The Stories in Music series features a narrator backed by a symphony orchestra, and the goals listed on the first page of the booklet intrigued me. Stephen Simon, the conductor and composer, is trying to teach families how to listen to music. So this is about great stories, learning to listen, expanding musical horizons, and learning other things as well.
Looking through the booklet, there is great information on music -- such as a spread picturing the instruments of the orchestra, another page picturing the instruments in a Dixieland band, great pages on the types of notes, rests, and time signatures, and information about the contrabassoon. There are pages about turtles & tortoises, and rabbits & hares. The music and lyrics for the Pretzel Vendor of Paris, a song featured within the story, is included, along with some little activity pages like a dot-to-dot pretzel, a word jumble, and a crossword puzzle. There are bios of the conductor/composer, the executive producer, and the narrator.
So, with a better attitude, I put in the CD. It is just under an hour in length, and consists of the following:
- The Tortoise and the Hare. This is roughly 21 minutes, and features a modern telling of the story, accompanied by the orchestra. My kids are familiar with the story, but found this version interesting. Especially with the music.
- About the Story. Three minutes of background on Aesop, including a reading of the 'original' tale, and some discussion about the moral.
- Pretzel vendor of Paris. Two minutes.
- About the Music. Five minutes of the composer/conductor telling about the music. This was fantastic. He points out all kinds of interesting things about his choice of rhythm for the hare, or his choice of instrument for the tortoise (the contrabassoon), along with other interesting tidbits.
- Now That You Know a Little More. This is track 1 over again, and it was great to listen to after hearing the previous track.
- Prepare to Perform. Not even one minute... just an introduction to the next track.
- Pretzel Vendor of Paris Sing-Along. This is just the accompaniment, so you can sing along. Or more talented people than my family could sing along anyway.
What did I love? I loved the vocabulary used. Words like computed, exceedingly, fateful, confided, subject (as in "subject yourself to..."), preordained, optimistic, brow, admirable, perseverance, gait, and so on. And a handful of French words that I couldn't possibly spell correctly. The variety of music represented was fantastic too. I loved listening to the "About the Story" and the "About the Music" tracks.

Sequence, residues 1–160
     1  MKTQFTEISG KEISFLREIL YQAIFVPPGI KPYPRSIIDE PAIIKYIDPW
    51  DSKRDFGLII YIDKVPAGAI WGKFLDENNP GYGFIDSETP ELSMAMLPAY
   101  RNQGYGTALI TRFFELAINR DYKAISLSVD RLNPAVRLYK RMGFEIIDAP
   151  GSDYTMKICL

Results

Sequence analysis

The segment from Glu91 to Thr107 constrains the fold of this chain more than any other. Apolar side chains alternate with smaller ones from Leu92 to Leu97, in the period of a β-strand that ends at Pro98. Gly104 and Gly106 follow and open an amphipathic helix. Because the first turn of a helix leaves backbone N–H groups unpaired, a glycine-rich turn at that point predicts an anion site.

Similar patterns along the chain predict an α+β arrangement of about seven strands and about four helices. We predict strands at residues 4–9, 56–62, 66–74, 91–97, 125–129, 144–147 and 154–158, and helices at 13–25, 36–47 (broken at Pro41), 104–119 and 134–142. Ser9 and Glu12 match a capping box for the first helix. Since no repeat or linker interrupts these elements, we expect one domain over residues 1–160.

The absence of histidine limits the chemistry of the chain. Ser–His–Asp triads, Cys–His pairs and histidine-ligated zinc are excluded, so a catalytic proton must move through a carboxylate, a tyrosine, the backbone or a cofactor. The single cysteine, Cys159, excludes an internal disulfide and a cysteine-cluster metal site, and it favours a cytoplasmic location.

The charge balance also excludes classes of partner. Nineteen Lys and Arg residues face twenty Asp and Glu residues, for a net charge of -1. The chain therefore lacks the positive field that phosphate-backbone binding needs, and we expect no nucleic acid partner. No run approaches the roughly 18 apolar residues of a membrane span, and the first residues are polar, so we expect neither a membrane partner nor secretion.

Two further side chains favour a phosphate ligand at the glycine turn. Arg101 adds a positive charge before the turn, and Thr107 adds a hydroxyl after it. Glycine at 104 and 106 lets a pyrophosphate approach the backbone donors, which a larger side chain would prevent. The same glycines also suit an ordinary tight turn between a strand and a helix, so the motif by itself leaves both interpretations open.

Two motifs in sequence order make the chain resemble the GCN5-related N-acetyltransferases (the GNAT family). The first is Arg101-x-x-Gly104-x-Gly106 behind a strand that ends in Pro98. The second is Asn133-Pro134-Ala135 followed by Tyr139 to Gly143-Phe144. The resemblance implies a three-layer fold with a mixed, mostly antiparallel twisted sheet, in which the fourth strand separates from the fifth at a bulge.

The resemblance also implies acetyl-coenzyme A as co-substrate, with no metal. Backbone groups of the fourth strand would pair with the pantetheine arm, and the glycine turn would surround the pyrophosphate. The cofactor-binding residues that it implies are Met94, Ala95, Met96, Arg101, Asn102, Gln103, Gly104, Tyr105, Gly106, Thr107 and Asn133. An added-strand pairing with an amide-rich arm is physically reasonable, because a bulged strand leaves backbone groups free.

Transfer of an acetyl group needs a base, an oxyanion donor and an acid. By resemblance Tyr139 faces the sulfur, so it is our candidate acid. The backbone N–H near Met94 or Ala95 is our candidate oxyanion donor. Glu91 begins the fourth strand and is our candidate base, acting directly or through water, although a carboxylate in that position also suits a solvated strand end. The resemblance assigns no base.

We liked it so well that I put other titles on a Christmas wish list. And I found that my library has one of the titles... Mike Mulligan and His Steam Shovel. So that was put on hold. And it is amazing. We learned about the difference between Irish and Scottish bagpipes, learned some fascinating things about Virginia Lee Burton and how she wrote books... I want to own this one, not just borrow it.
Check the Maestro Classics website for a list of titles, all of which are currently on sale at 3 for $45 with free shipping. I have my heart set on The Story of Swan Lake, The Sorcerer's Apprentice, and oh, I don't know what for a third one. Coming soon: A Soldier's Tale (Stravinsky), and My Name is Handel (Water Music).
Negatives? I can't really think of any. Unless you have kids that are 'too mature' for stuff like this... but I'd still recommend that you force it on them. My tweens kind've rolled their eyes at me when I put Mike Mulligan on in the car (captive audience!), but they loved it once it got going.
Any questions? I'd love to know what you would want to know in deciding whether or not this is something you want to purchase.
Disclaimer: As part of the TOS Homeschool Review Crew, I did receive this CD for free from Maestro Classics. The fact that I received a complimentary product does not guarantee a favorable review. It does guarantee a review. A fair review. But I am not going to praise something unless I think it deserves the praise. If I don't like it, you'll hear that. And hopefully with enough detail as to why so you can decide for yourself if what I hate about it makes it perfect for your family. For more about my take on reviews, visit my blog post here.